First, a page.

Too Hot for New York | The Nation


Too Hot for New York

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The show returned last fall to a larger theater at the Royal Court, and sold out again. Most viewers tended to walk off afterward in stunned silence, but some nights the theater became a forum for discussions. Rickman or Viner or Dodds came out to talk about how the show had come about.

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Philip Weiss
Philip Weiss is the author of American Taboo: A Murder in the Peace Corps (Harper Perennial) and an editor of the...

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The Royal Court got bids from around the world, including a theater in Israel, seeking to stage the production. But the priority was to bring the show to "Rachel's homeland," as Elyse Dodgson, the theater's international director, says. At bottom, Corrie's story feels very American. It is filled with references that surely escaped its English audience--working at Mount Rainier, swimming naked in Puget Sound, drinking Mountain Dew, driving I-5 to California.

The New York Theatre Workshop agreed to stage the show in March 2006. But by January the Royal Court began to sense apprehension on the Workshop's part. "I went to New York to meet them because I didn't feel comfortable about what they were saying," Dodgson says.

The Workshop was evidently spooked. Its artistic director, James Nicola, spoke of having discussions after every performance to "contextualize" the play, of hiring a consultant who had worked with Salman Rushdie to lead these discussions and of hiring Emily Mann, the artistic director of the McCarter Theatre in Princeton, New Jersey, to prepare a companion piece of testimonies that would include Israeli victims of Palestinian terrorism.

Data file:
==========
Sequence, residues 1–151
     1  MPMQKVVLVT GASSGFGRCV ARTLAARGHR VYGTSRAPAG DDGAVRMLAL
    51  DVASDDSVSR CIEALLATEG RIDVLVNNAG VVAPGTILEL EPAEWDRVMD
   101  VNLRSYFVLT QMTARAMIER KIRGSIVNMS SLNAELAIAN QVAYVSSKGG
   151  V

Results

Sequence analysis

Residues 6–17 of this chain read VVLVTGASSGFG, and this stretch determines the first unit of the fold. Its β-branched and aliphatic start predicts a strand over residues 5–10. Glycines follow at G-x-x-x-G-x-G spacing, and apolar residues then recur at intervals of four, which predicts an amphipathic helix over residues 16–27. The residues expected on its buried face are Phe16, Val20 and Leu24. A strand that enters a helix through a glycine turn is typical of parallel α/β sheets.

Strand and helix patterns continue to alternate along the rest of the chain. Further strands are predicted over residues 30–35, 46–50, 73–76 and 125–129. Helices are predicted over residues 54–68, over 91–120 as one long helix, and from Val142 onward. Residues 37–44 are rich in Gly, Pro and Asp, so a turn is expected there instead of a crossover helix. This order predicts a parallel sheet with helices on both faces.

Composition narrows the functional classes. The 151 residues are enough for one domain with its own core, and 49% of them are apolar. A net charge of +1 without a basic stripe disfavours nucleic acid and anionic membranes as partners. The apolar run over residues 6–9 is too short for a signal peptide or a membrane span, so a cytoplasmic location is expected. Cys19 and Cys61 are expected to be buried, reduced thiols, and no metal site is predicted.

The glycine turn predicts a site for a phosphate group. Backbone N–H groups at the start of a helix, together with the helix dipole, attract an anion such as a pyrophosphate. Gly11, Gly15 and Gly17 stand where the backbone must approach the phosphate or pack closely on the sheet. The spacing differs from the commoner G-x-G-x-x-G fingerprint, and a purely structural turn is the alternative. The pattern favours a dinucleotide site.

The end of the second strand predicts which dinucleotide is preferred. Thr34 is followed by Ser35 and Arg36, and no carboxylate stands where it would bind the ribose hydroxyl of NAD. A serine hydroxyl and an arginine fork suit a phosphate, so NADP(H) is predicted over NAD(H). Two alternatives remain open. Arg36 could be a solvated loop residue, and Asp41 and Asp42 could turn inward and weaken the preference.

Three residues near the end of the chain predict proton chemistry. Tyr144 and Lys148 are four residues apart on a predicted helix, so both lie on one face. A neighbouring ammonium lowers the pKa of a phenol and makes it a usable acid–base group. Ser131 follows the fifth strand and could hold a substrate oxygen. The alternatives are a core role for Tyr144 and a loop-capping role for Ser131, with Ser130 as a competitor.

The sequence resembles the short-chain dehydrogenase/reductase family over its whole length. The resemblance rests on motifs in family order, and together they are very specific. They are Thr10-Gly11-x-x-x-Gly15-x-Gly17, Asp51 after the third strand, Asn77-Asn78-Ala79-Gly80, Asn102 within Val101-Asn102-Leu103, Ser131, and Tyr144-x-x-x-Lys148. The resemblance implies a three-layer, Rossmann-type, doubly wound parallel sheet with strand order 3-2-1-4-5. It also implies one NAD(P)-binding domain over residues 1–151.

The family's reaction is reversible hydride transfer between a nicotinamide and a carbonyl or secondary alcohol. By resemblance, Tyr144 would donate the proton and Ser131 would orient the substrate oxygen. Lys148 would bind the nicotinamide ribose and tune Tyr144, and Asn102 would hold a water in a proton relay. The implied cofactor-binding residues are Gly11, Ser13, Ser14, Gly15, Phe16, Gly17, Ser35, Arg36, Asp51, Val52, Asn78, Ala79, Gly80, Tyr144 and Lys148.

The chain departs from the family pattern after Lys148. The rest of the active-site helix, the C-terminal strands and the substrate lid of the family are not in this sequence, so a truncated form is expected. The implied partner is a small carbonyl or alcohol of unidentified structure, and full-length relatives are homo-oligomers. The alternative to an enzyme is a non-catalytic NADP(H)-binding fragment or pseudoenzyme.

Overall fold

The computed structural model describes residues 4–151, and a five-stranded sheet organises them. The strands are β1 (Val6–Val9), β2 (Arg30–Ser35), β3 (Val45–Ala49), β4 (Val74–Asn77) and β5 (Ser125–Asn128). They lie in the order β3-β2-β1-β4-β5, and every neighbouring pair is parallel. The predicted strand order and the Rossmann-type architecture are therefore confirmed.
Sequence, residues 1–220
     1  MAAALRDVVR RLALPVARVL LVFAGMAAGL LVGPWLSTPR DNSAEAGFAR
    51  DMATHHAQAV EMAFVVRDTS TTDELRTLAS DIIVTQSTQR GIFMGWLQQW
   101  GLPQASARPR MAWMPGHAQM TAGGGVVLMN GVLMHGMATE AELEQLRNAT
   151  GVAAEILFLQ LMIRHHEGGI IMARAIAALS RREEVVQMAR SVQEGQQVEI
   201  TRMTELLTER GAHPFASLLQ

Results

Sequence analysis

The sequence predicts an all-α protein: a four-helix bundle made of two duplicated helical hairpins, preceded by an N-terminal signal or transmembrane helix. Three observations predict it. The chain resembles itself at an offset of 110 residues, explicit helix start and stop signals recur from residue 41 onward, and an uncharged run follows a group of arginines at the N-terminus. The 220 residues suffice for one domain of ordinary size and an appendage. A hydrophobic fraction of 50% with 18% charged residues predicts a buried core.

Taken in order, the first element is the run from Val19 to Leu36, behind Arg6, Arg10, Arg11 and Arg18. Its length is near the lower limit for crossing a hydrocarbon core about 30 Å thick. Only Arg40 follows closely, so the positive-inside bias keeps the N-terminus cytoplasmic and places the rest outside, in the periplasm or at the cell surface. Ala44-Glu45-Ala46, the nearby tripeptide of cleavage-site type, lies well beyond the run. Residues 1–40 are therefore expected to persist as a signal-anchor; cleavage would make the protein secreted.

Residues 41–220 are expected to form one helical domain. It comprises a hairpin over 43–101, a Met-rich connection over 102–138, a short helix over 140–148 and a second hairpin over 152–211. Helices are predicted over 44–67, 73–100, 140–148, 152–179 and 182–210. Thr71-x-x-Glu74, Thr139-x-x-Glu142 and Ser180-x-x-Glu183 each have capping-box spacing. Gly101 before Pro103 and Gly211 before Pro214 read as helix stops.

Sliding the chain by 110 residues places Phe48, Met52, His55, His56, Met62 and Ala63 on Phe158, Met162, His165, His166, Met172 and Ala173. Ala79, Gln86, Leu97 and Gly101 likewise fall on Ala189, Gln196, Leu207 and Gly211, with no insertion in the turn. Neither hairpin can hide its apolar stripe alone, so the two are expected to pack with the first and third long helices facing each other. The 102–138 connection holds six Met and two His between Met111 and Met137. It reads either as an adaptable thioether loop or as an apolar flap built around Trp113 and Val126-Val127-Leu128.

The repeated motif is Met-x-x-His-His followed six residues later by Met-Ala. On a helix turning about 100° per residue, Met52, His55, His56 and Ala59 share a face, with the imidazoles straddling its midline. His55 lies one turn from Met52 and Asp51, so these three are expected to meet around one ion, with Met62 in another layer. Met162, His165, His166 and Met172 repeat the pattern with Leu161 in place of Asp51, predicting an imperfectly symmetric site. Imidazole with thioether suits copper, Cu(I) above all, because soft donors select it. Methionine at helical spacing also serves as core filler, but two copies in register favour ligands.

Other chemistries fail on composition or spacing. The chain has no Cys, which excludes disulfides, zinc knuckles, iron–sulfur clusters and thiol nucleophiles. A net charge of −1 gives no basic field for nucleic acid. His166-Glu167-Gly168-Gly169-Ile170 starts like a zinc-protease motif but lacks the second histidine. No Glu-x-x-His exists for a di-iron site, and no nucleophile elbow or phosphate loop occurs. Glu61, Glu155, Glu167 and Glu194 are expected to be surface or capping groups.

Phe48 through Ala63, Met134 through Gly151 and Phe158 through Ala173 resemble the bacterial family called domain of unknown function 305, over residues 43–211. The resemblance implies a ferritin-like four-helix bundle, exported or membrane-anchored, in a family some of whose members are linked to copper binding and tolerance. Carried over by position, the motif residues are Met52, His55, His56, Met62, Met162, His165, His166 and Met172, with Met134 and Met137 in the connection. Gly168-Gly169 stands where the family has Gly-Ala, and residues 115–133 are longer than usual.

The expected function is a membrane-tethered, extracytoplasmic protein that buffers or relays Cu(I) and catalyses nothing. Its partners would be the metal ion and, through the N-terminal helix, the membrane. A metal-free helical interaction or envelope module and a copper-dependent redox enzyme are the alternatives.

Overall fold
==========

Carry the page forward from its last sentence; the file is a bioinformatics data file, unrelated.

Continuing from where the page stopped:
"We've had some brilliant discussions, we told them, but the play speaks for itself," Dodgson says. "It is expensive and unnecessary to have that after every single performance. Of course we knew some of the hideous things that were said about Rachel. We took no notice of them. The controversy died when people saw that this was a play about a young woman, an idealist."

Dodgson was further upset when a Workshop marketing staffer, whom she won't name, used the word "mollifying." "It was a very awkward conversation. He said, 'I can't find the right word, but "mollifying" the Jewish community.' It shocked me."

Corrie's connection to the International Solidarity Movement was politically loaded. The ISM is committed to nonviolence, but it works with a broad range of organizations, from Israeli peace activists to Palestinian groups that have supported suicide bombings, which has been seized on by those who want it to get lost.

At the heart of the disagreement was an insistence by supporters of Israel that Corrie's killing be presented in the context of Palestinian terror. And that specifically, the policy of destroying Palestinian homes in Gaza be shown to be aimed at those tunnels--even though the pharmacist's house Corrie was shielding was hundreds of yards from the border and had nothing to do with tunnels. One person close to NYTW, who refused to go on the record, elaborates: "The fact that the Israelis and such were trying to bulldoze these houses was not due to the fact that they were just against the Palestinians, but the underground tunnels, ways to get explosives to this community. By not mentioning it, the play was not as evenhanded as it claims to be." Another anonymous NYTW source said that staffers became worried after reading a fall 2003 Mother Jones profile of Corrie, a much disputed piece that relied heavily on right-wing sources to paint her as a reckless naif.

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